Everyone, in my opinion, should taste the thrill of coquitos receta. If you don't want to use rum, you can make the coquitos receta without it. You may not consume alcohol, nor may you serve children. I propose swapping coconut milk and adding rum extract to taste when making a virgin version of Coquito.
Everyone may have a festive cup of Coquito for Christmas this way.
Suggestions and Alterations
Anything you add after those essential ingredients is entirely up to you. Coquito, like many other foods, lacks a precise formula. The type and amount of rum used, the spices used, the type of sugar used, and even whether eggs are used vary from recipe to recipe and person to person.
This means that coquitos receta is something that you can customize to your liking.
- Choose a rum that you enjoy! White, aged, and spiced rums are all delicious. Mount Gay is smooth and inexpensive, whereas Gosling's black rum is fuller.
- Don't like nutmeg? It should not be used. Ginger, cloves, and star anise are all tasty additions.
- Do you want it on the rocks? Carry on.
- Do you have non-alcoholic guests? Leave out the rum and make it virgin.
Have fun, experiment, and personalize the recipe. It will quickly become a Christmas ritual for you as well.
- This coquitos receta calls for coconut cream, such as Coco Lopez. This is not the same as milk, coconut milk, or coconut cream.
- Coquito (without the egg) will keep in an airtight container in the fridge for 4-6 months.
- If any of the coconut fat solidifies, set it aside for 10 minutes before serving and give it a vigorous shaking.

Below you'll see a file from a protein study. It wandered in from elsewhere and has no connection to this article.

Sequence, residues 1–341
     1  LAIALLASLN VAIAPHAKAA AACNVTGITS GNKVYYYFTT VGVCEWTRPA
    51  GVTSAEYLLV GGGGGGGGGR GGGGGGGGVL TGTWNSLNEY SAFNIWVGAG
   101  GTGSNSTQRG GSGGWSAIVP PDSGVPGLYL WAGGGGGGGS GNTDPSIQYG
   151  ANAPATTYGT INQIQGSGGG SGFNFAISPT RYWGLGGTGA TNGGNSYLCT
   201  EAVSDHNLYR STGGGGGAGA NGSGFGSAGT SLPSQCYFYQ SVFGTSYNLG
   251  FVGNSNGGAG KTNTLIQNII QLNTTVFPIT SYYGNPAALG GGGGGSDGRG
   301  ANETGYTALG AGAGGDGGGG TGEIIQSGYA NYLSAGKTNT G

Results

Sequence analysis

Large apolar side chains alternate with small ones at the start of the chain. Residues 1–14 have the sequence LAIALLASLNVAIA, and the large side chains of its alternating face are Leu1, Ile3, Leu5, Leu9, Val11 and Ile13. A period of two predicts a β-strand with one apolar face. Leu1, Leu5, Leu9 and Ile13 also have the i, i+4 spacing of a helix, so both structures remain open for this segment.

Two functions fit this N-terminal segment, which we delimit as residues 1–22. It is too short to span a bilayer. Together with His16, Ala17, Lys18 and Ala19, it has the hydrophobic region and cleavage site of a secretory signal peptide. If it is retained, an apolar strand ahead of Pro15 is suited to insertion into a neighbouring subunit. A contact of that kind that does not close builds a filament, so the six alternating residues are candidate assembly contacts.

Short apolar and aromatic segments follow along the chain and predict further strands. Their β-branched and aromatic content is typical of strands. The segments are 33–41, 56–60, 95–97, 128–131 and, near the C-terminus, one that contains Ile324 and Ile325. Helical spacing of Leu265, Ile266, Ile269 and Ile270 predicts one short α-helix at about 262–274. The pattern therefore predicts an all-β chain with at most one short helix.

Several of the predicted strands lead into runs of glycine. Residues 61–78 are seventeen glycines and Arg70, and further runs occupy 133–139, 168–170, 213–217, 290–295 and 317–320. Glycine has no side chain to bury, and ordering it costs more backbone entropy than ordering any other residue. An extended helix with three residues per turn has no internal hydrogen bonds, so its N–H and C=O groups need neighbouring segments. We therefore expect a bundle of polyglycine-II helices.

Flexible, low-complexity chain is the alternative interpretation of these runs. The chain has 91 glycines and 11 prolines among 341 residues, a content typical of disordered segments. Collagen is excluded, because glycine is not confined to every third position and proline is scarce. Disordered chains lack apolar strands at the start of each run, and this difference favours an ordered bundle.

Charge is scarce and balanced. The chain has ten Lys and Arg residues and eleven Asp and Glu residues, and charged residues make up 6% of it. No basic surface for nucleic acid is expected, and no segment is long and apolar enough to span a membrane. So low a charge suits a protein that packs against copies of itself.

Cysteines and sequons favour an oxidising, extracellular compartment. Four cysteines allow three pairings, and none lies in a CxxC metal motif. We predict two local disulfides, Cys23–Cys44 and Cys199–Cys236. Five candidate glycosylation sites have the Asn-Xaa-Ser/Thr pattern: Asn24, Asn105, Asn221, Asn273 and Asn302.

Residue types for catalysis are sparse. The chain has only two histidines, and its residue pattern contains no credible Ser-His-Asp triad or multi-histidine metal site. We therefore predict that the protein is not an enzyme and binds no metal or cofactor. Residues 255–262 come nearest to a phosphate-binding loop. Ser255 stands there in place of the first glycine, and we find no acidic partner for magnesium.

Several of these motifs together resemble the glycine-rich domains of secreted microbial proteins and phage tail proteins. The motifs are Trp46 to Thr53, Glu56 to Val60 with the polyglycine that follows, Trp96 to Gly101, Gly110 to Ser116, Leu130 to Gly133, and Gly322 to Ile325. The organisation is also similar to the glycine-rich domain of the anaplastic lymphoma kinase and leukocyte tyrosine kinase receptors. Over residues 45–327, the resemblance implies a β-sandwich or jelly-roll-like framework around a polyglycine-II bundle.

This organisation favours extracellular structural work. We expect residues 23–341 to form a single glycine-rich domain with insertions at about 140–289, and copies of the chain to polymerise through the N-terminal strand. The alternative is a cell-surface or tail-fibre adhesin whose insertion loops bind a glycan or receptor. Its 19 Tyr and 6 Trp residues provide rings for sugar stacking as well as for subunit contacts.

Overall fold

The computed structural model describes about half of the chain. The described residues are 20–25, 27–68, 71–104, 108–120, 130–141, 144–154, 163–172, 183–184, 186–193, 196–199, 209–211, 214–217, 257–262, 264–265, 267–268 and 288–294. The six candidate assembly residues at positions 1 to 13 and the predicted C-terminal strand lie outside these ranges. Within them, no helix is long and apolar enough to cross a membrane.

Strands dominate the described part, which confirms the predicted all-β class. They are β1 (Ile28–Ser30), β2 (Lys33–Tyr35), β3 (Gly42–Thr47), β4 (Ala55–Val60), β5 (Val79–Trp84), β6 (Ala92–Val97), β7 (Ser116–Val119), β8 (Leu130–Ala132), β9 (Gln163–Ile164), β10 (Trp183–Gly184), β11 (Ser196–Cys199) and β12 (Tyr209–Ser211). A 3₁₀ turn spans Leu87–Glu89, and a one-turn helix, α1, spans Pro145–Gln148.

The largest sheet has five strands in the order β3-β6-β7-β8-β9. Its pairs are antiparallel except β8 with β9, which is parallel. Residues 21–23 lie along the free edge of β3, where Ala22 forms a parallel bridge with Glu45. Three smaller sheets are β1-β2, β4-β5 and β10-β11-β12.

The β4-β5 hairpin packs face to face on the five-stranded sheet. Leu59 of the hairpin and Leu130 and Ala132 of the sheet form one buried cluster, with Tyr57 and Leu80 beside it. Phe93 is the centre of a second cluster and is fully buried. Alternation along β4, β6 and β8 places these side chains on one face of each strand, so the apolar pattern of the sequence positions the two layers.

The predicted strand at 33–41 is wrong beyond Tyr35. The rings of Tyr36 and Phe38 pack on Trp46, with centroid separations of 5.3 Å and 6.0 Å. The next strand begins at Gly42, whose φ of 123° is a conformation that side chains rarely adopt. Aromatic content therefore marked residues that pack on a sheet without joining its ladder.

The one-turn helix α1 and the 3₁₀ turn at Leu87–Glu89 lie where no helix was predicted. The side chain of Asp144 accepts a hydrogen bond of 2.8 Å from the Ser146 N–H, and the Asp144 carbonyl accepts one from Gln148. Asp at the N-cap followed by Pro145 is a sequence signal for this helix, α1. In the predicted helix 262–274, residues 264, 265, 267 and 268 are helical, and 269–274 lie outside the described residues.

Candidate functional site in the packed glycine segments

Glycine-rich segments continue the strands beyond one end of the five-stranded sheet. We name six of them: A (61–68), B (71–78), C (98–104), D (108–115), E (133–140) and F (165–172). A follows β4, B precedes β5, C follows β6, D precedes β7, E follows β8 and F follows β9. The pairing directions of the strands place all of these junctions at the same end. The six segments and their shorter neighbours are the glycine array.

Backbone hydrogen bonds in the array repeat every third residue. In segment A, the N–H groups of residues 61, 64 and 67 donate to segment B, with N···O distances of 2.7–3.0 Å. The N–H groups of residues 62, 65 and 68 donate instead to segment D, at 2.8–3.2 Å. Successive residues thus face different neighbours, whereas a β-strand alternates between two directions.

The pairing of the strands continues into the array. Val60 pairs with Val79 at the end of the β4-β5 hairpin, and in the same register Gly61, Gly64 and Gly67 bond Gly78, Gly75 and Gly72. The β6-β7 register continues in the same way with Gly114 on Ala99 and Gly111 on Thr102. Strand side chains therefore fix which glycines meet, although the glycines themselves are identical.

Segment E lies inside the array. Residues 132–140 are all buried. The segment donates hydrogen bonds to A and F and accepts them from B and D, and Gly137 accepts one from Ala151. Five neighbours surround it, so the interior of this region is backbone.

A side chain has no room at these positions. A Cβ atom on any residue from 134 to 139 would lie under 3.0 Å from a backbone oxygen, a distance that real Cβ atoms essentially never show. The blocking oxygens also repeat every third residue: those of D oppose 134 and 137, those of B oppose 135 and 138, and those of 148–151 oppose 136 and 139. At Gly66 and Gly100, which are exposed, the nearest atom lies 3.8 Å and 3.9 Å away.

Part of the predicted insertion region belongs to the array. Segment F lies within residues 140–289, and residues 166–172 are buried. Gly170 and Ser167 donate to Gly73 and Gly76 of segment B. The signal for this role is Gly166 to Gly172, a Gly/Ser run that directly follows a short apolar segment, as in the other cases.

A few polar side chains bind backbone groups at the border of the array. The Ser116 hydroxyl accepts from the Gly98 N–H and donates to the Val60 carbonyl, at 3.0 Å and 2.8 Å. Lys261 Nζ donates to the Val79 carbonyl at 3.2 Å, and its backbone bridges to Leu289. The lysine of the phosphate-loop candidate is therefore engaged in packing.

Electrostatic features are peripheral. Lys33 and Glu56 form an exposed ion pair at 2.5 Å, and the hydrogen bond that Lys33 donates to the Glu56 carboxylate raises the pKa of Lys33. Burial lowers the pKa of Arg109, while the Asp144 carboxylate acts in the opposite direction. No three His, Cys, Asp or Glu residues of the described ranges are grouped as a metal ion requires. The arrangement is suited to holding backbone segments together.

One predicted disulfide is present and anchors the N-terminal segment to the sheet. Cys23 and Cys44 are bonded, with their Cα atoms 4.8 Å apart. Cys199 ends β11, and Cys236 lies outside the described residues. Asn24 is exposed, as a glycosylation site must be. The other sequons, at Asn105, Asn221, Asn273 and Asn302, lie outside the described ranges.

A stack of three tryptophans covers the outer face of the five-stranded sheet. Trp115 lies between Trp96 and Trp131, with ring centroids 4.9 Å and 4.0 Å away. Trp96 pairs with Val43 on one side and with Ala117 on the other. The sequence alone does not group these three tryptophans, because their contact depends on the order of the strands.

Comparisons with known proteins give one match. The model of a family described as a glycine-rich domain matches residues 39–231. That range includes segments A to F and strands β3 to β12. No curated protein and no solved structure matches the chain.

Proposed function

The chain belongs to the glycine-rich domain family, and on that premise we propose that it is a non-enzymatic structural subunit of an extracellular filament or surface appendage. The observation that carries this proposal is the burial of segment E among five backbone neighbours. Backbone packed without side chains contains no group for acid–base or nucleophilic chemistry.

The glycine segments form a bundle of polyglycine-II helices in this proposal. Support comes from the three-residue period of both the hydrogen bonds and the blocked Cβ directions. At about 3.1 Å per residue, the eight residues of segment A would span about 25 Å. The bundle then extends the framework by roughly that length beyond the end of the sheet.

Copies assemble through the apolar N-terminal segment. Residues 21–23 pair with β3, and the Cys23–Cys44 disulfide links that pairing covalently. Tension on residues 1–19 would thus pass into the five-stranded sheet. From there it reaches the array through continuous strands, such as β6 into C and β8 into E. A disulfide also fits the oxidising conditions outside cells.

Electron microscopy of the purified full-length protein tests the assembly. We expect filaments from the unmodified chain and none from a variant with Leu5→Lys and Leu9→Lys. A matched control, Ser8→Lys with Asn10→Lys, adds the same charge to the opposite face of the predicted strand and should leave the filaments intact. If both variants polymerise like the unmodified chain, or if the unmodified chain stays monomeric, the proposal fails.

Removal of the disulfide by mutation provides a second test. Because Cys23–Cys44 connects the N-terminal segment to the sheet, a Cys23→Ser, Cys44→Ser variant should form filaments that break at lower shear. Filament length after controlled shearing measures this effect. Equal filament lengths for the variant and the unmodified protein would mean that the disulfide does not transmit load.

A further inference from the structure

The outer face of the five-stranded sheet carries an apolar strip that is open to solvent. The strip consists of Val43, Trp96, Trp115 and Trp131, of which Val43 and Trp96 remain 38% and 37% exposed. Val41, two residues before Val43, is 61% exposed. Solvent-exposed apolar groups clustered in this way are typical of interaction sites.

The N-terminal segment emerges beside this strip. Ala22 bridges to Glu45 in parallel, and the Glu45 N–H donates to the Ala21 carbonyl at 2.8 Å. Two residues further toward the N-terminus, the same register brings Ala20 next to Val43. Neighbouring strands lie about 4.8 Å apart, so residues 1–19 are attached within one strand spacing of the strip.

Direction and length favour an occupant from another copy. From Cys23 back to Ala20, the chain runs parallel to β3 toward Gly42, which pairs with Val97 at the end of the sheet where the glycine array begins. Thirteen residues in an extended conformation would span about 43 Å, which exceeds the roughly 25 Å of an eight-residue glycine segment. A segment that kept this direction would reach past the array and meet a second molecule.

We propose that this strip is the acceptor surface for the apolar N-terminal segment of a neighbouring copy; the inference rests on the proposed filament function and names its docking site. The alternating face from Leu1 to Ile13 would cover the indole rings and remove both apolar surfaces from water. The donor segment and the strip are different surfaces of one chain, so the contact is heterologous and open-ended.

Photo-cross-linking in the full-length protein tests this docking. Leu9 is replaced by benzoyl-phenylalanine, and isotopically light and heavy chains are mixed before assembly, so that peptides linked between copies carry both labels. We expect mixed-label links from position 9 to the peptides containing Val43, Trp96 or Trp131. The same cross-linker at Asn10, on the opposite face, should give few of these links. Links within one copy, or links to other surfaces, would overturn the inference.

- It is generally made with Puerto Rican rum, like Don Q, although you can use any white rum you desire.
- These swing-top bottles are ideal for giving Coquito as a gift.
- To make a non-alcoholic version, replace the rum with coconut milk and season with rum essence to taste.
Does the coquitos receta lay eggs?
Coquito, like many traditional dishes or drinks, can elicit heated controversy. However, the central argument about Coquito is whether it should be eaten with or without egg yolk.
Everyone familiar with Coquito falls into one of two camps. First, I am vehemently opposed to the use of egg yolks.
What is the distinction between Coquito and eggnog?
Coquito and eggnog are not the same things. Eggnog is what I call a sipping custard. It's made with milk, heavy cream, sugar, and raw egg yolks, slowly cooked together until thick and creamy. It's best served cold with a splash of brandy, bourbon, or cognac.
Coquito is made with coconut milk or coconut cream and is served with white rum. Some recipes will call for an egg, but I've already discussed how I feel about eggs in Coquito.
It wasn't until much later that egg was added to Coquito. The traditional American Christmas drink eggnog inspired the egg yolk. I'm still firmly in the anti-egg yolk camp.
Tips for Making Ahead and Storing Coquito
This can be chilled and fresh in the fridge for as little as two hours and as much as three days ahead of time. Then, all you have to do when it's time to serve is take this out and top it with cinnamon or shredded nutmeg.
You may also keep Coquito in the refrigerator indefinitely because the alcohol content preserves it. However, after more than three days, it begins to split and appear shaky, which may cause you concern. After that, it'll be alright; all you have to do is shake it up to get it smooth again.
Another reason I make my recipe without egg yolks is to make it last longer. It should keep in the fridge for 4 to 6 months. It's very natural for your Coquito to have a small fat cap on top. That is simply the separation of the cream of coconut fat, which is natural. Give your Coquito an excellent shake, and you're ready to go.
You can't go wrong with this coquitos receta— it's delicious! Make certain. I'll never turn down a glass of Coquito, no matter how you or your family make it. It's one of those things that I associate with the holidays. This drink epitomizes Christmas, parranda, family, and beautiful times.